🎧 Fallout: Apocalypse now, then, and later | On the Media

Listened to Fallout: Apocalypse now, then, and later from On The Media | WNYC Studios

End-of-times narratives themselves are nothing new; only the means have changed. While once a few horsemen and a river of blood were enough to signal the dusk of man, apocalypse now requires the imaginations of entire atomic laboratories — or roving squads of special effects crews. This week we look through a few recent highlights from the genre: from a 1980's made-for-TV spectacle, to a new piece of speculative fiction documenting a hypothetical nuclear conflict with North Korea.

1. Jeffrey Lewis [@ArmsControlWonk], author of "The 2020 Commission Report," on what we might say to ourselves after a devastating war with North Korea. Listen.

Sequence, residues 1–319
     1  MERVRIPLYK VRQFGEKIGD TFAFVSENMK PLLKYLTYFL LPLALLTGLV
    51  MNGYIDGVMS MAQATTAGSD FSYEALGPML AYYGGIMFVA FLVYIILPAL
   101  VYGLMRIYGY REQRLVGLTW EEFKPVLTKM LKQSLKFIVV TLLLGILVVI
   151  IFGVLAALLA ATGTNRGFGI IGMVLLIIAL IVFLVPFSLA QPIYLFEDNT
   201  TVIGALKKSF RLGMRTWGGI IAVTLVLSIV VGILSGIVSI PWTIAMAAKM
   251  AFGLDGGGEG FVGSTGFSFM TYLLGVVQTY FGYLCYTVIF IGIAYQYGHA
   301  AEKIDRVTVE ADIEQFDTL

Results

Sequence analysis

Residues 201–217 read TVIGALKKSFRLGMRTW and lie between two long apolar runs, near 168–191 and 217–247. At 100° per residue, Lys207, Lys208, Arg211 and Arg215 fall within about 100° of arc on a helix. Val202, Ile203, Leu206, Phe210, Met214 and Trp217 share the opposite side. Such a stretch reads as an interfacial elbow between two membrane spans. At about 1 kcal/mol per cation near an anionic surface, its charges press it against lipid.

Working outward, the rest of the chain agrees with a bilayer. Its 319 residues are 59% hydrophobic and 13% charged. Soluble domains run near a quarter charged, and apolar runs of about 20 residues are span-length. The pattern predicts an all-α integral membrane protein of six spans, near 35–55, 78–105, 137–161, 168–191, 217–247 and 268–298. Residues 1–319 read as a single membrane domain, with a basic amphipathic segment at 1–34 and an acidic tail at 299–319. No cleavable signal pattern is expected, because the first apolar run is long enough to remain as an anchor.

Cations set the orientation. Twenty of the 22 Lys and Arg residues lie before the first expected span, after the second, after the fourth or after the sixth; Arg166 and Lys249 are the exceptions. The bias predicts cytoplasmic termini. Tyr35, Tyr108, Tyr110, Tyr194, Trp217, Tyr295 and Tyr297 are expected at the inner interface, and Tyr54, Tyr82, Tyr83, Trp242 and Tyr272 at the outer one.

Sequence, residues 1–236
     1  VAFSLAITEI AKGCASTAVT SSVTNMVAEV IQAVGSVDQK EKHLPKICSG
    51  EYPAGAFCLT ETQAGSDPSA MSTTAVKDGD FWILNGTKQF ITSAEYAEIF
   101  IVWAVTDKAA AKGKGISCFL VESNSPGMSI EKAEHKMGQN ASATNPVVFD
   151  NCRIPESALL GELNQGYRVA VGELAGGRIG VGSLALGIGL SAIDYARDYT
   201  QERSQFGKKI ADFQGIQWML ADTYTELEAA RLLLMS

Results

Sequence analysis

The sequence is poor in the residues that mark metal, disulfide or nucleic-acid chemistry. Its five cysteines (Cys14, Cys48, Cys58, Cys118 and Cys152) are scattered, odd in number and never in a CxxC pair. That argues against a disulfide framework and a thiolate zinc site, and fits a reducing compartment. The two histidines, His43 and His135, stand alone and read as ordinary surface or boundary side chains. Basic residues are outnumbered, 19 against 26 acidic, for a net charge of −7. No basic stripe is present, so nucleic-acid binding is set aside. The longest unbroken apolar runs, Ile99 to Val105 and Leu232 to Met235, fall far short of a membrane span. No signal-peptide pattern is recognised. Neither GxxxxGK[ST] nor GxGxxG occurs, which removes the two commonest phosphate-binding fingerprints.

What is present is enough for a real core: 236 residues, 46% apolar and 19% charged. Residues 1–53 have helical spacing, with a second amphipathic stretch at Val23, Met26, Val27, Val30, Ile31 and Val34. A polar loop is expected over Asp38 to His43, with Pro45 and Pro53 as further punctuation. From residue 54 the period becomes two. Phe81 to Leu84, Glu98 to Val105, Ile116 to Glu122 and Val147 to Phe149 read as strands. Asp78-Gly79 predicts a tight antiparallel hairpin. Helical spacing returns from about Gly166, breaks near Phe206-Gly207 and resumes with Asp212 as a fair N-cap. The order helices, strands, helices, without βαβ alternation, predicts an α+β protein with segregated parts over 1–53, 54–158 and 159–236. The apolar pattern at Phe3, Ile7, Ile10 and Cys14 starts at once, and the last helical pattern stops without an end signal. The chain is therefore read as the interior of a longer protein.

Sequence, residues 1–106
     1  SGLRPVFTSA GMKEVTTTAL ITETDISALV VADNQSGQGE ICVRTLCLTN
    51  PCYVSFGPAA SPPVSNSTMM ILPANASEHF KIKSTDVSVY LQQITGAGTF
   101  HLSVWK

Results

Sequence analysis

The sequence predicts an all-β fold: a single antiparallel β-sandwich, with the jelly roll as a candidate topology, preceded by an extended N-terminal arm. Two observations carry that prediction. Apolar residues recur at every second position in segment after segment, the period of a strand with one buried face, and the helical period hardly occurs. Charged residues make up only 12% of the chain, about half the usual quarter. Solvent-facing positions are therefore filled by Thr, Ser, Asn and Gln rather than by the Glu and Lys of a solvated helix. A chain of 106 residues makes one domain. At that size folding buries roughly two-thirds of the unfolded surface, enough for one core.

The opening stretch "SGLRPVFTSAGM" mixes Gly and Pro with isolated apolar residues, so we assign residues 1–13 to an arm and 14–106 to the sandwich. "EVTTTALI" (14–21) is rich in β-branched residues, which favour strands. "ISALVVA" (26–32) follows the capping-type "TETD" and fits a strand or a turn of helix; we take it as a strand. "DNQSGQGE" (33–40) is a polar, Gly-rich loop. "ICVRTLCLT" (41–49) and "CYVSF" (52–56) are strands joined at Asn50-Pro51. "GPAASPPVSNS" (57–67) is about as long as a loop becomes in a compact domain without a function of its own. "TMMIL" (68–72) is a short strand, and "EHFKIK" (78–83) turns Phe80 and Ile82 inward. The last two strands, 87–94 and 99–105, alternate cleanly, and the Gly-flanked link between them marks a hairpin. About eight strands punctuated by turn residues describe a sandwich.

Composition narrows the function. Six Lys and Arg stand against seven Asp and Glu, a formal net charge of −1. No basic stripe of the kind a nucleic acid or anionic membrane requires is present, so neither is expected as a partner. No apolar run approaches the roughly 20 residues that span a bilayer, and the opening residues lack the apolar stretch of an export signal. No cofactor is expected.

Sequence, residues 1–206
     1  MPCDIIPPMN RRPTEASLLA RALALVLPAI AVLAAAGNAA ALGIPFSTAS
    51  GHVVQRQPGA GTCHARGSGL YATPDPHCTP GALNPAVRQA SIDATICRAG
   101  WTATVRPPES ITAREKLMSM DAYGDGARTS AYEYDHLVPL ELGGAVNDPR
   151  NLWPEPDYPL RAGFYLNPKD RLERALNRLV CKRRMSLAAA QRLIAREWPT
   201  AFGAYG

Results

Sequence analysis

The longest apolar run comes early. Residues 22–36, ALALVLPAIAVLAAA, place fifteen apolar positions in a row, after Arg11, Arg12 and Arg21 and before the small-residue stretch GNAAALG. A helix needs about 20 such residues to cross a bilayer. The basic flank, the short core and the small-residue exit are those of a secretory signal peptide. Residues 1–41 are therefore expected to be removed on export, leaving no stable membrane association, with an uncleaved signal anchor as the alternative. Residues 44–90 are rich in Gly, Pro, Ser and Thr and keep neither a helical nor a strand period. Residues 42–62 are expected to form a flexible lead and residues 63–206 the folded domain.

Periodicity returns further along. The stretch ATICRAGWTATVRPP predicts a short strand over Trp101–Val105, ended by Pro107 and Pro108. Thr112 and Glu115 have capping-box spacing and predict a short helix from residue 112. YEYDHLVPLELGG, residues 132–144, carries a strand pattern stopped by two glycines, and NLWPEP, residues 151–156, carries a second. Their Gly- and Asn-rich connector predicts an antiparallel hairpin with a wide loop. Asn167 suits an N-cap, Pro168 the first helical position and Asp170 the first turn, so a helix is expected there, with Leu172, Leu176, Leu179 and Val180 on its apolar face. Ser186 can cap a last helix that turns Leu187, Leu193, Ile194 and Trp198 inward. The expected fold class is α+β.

2. Marsha Gordon [@MarshaGGordon], film studies professor at North Carolina State University, on the 1983 film "The Day After," which imagines a massive nuclear strike in the Midwestern U.S. Listen.

3. Anne Washburn, playwright, on "Mr. Burns: A Post-Electric Play," in which she imagines American cultural life after a devastating nuclear event. Listen.

4. Andrew Fitzgerald [@magicandrew], chief digital content officer at Hearst TV, on what journalists, seven years ago, thought about the prospect of covering the end of the world. Listen.

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Chris Aldrich

I'm a biomedical and electrical engineer with interests in information theory, complexity, evolution, genetics, signal processing, theoretical mathematics, and big history. I'm also a talent manager-producer-publisher in the entertainment industry with expertise in representation, distribution, finance, production, content delivery, and new media.

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